Newborn babies are like chameleons. Literally.
Initially, a dark red or purple colour at birth, their skin tone changes drastically and across a wide range of colours. These colours will fade within a few days and transition to yellowish. However, for the final complexion of your baby, you will have to wait for around 2 years.
But, hang on.
What about your baby’s ears which appear darker than her face and the rest of her body? Is that normal to have such an uneven skin tone? And is it true that your newborn’s ear color will determine skin color?
Let me put your mind at ease by sharing some facts about the transformation of your baby’s skin tone.
Why Are My Baby’s Ears Darker Than Face?
At birth, your newborn’s skin is immature and may have uneven skin tone, which causes the ears to appear darker. During the first 2 years, their skin will undergo maturation and achieve its permanent complexion. Melanin, the skin pigment, is produced after birth, making the body skin appear darker and match the ear shade.
Immature Skin At Birth
Did you know that the skin is the largest organ of our body?
Well, it makes sense since it covers the whole body, right?
It also plays a vital role in protecting our bodies from harmful substances, bacteria, harmful UV rays, moisture and cold. It regulates body temperature, prevents dehydration, stores water and fat and produces necessary hormones – to name a few of the skin’s different functions.
In order to enjoy all the benefits their skin offers, newborn babies need to undergo maturation.
It will take around 2 years for the whole process of changing and maturing to complete and reach its permanent appearance since their skin – along with other organs – is not fully developed at birth.
Hence the ears may appear darker than the face, and so are the genitals and cuticles.
Over time, this colour will probably fade, whilst the rest of their body will darken. And your baby’s skin tone will become more even throughout their body.
And during this process, not only their skin tone will evolve – but also the thickness and elasticity will change significantly.
Why Do Babies Have Such Sensitive Skin?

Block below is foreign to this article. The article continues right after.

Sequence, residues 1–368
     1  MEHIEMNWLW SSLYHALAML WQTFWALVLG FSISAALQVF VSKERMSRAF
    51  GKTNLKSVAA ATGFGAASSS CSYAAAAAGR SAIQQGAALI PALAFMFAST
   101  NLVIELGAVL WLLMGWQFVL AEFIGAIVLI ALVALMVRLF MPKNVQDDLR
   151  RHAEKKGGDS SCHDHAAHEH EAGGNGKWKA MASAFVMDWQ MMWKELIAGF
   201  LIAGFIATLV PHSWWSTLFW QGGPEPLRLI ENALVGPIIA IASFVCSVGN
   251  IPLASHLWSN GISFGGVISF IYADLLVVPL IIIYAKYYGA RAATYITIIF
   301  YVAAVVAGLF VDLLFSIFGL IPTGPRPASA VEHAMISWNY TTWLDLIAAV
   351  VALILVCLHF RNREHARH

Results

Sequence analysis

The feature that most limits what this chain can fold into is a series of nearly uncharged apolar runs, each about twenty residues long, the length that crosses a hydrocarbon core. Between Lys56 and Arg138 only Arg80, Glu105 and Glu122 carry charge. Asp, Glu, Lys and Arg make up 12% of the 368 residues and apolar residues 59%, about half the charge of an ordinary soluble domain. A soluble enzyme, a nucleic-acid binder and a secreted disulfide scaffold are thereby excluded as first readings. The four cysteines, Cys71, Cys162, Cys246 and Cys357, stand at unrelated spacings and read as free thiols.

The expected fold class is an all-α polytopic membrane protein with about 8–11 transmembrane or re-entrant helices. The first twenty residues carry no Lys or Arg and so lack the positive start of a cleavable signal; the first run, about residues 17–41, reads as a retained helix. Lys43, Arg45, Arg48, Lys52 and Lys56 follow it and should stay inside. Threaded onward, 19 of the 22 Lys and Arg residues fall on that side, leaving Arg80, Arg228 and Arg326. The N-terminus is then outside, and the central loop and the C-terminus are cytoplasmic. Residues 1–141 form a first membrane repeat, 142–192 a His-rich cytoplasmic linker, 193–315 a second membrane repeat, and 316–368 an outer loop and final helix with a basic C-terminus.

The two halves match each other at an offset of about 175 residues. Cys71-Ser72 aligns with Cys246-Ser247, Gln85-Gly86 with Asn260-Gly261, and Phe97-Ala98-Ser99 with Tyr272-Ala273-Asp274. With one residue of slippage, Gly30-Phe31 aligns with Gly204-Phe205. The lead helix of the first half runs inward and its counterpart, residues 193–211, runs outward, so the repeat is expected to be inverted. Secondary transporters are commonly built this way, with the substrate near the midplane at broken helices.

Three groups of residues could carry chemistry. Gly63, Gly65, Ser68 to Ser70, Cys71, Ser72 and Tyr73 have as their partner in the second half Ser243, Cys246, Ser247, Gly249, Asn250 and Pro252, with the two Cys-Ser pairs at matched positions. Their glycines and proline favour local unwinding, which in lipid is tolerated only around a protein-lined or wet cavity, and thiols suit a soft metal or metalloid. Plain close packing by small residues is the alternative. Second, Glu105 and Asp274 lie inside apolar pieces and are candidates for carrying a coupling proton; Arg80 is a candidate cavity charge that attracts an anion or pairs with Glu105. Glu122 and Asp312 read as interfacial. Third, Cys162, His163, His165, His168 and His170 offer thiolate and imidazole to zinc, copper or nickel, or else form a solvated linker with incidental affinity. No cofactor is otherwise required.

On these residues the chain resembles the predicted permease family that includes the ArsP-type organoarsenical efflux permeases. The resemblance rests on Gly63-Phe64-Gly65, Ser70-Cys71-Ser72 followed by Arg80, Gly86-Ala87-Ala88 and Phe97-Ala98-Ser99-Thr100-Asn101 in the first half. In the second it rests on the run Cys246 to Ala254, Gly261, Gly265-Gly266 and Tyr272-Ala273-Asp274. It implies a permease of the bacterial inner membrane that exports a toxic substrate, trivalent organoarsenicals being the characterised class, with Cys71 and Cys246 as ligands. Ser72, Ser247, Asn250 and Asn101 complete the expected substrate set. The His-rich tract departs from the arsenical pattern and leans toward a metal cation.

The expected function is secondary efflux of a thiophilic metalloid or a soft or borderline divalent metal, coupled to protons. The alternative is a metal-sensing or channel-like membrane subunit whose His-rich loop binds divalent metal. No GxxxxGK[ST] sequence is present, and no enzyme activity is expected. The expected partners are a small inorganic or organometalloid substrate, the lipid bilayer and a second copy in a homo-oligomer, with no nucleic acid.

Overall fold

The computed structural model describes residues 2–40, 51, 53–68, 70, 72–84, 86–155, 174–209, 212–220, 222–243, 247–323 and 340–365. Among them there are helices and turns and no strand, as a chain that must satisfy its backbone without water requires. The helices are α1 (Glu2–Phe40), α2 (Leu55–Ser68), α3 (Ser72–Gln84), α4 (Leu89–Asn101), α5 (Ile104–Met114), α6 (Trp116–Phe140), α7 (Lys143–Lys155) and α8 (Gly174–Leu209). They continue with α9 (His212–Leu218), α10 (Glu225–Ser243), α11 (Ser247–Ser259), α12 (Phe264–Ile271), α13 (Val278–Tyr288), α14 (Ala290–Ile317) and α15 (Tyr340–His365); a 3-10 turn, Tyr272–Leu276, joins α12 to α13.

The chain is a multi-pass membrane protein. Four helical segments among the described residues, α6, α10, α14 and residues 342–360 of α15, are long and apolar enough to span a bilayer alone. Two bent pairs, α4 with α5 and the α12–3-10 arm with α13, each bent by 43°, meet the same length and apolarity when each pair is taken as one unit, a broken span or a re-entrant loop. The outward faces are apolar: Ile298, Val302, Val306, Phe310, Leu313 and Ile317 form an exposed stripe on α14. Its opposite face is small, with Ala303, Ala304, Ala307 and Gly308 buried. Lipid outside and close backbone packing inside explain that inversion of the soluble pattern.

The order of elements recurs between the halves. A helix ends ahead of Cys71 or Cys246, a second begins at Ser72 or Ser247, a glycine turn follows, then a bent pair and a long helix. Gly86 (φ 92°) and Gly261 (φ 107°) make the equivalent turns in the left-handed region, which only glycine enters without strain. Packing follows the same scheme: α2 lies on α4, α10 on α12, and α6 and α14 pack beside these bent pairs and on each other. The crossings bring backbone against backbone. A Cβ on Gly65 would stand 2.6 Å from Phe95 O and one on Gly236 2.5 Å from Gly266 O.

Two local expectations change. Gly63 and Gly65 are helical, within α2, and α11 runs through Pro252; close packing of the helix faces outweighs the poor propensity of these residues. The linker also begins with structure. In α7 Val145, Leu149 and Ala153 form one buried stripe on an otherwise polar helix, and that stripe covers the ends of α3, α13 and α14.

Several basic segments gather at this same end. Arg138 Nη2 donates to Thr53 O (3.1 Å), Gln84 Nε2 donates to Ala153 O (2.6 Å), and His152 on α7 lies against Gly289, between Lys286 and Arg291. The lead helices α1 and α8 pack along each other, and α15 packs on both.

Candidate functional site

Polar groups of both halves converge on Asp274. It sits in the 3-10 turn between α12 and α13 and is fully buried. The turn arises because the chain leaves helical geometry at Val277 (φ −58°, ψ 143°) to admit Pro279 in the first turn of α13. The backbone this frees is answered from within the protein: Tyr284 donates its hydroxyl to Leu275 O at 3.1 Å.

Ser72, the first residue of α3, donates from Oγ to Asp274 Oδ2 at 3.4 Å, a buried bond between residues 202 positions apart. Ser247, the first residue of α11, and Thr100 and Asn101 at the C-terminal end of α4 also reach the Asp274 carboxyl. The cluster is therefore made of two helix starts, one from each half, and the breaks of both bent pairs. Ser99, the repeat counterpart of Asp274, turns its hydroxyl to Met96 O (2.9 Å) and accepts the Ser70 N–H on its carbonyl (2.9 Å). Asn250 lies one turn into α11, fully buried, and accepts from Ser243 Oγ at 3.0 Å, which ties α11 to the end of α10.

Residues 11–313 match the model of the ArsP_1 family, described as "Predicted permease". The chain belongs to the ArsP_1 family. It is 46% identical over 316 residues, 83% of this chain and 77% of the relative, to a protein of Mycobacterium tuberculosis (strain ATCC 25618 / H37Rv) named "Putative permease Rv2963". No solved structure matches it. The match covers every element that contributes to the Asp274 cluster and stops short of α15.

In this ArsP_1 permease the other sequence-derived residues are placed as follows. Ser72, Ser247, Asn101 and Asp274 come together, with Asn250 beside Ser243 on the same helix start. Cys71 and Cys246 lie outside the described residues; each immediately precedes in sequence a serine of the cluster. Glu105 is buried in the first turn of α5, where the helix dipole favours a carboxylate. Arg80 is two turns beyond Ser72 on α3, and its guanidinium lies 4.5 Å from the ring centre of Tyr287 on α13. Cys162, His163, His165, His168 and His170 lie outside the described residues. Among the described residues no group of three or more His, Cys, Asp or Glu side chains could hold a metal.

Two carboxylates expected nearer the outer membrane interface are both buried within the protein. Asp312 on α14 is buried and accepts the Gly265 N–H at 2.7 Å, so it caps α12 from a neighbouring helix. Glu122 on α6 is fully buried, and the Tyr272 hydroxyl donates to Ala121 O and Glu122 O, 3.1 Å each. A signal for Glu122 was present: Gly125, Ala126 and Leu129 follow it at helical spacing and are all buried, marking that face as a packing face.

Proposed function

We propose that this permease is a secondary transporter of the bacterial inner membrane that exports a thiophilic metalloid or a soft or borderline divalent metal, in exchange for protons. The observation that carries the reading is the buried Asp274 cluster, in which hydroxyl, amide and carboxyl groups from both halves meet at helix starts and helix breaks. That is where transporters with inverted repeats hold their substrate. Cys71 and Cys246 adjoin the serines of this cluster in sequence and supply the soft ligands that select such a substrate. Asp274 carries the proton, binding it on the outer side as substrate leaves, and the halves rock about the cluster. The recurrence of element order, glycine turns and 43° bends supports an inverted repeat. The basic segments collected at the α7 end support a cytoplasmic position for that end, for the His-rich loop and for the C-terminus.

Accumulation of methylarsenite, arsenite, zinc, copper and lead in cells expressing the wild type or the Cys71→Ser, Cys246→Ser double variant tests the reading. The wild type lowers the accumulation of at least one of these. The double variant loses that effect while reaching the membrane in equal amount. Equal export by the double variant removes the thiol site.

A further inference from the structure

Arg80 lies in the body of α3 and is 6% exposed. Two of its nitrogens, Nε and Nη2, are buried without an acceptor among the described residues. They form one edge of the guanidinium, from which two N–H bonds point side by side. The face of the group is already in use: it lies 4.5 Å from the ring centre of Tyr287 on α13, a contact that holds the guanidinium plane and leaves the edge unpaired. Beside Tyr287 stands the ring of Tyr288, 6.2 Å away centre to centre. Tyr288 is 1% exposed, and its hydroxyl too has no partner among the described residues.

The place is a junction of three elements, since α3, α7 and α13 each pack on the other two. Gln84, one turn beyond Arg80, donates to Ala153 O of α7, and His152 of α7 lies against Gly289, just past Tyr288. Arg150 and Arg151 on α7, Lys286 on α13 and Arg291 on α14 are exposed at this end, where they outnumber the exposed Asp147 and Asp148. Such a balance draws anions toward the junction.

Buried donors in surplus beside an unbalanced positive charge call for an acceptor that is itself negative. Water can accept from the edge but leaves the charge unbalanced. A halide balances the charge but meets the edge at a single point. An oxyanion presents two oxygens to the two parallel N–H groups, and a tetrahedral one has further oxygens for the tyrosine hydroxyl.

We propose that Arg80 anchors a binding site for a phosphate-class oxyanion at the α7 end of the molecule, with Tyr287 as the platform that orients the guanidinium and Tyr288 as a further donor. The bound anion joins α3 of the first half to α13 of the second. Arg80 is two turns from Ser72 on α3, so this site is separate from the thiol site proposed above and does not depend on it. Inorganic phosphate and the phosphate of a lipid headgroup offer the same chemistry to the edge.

The Top of Ears Myth – DEBUNKED
Newborn babies’ ears and knuckles are supposed to reveal their final skin colour, according to some people.
However, there is no scientific evidence that this old wives’ tale is correct.
So even when the baby’s skin was pale at birth, but the ears were darker – there is no guarantee the final complexion of your baby will match their ears.
If it is, however, it may as well be just a plain coincidence.
Perhaps, to better understand the subject of skin colour, we should talk a bit about how your baby’s skin shade is determined and what factors are the most influential.
Factors Determine Skin Colour?
So, we can’t really tackle this subject without talking about genetics.
Because genes are the primary factor determining the permanent colour of your baby’s skin.
As I already explained in my post: Why Do Some Biological Siblings Look Nothing Alike? it is virtually impossible to predict what your baby would look like, due to the following reasons:
- Every baby produced by the same parents will have a different mixture of genes. 50% of these genes are inherited from mom and the other 50% – from dad.
- Moreover, skin colour is a polygenic trait, which means it is determined by multiple genes.
Therefore, the result of genes’ effect on skin colour is the sum of many complex interactions between them.
And because of that, whilst not typical, two siblings can have a very different complexion.
- Now, skin colour is determined by the pigment melanin. The more melanin the body produces, the darker the skin will be. And genes also control the type and amount of melanin your baby produces.
Also, it will take some time for their skin for the production of melanin to kick in. That’s because melanin production is triggered by light, which is in short supply in utero.
- Ethnical background – which is also related to pigmentation. Dark-skinned babies or those of mixed race will have more melanin than Caucasian babies.
Besides genetics, there are other reasons for babies to have uneven skin tones on various parts of their bodies. For example, body temperature.
- If their bodies are exposed to cold, then their extremities such as hands, feet, nose, and ears – turn pale. And this happens because of reduced blood flow and oxygen to these organs that change colour.
- On the other hand – if they are exposed to heat, their skin turns red.
It’s worth noting that dark-skinned people can absorb heat easier, which may lead to quicker overheating than people with light skin tones.
Related Post =====> Why Are My Baby’s Eyebrow So Light?
*** As a side note, did you know that people living in different parts of the world and climates have different levels of body heat conductivity (BHC)? People living in hot climates have high levels of BHC, allowing them to effectively release excess heat. They also adapt faster to the high temperature of the atmosphere, managing the thermoregulation of different body parts than people living in a colder climate with lower levels of BHC.
The Biology of Skin Color — HHMI Bio Interactive Video
Final Few Lines
It is normal for the baby’s skin tone to be uneven at birth and much paler than expected.
Some parts of their bodies, such as ears, may appear darker than their face.
It will take around 2 years for the final colour to settle in. And that’s because the skin undergoes maturation, during which the baby’s complexion changes, and because the production of the skin pigment – melanin kicks in properly after birth.
There is no proof that the ear colour will show the final complexion of your baby. But if it happens – it is more likely a coincidence than a rule.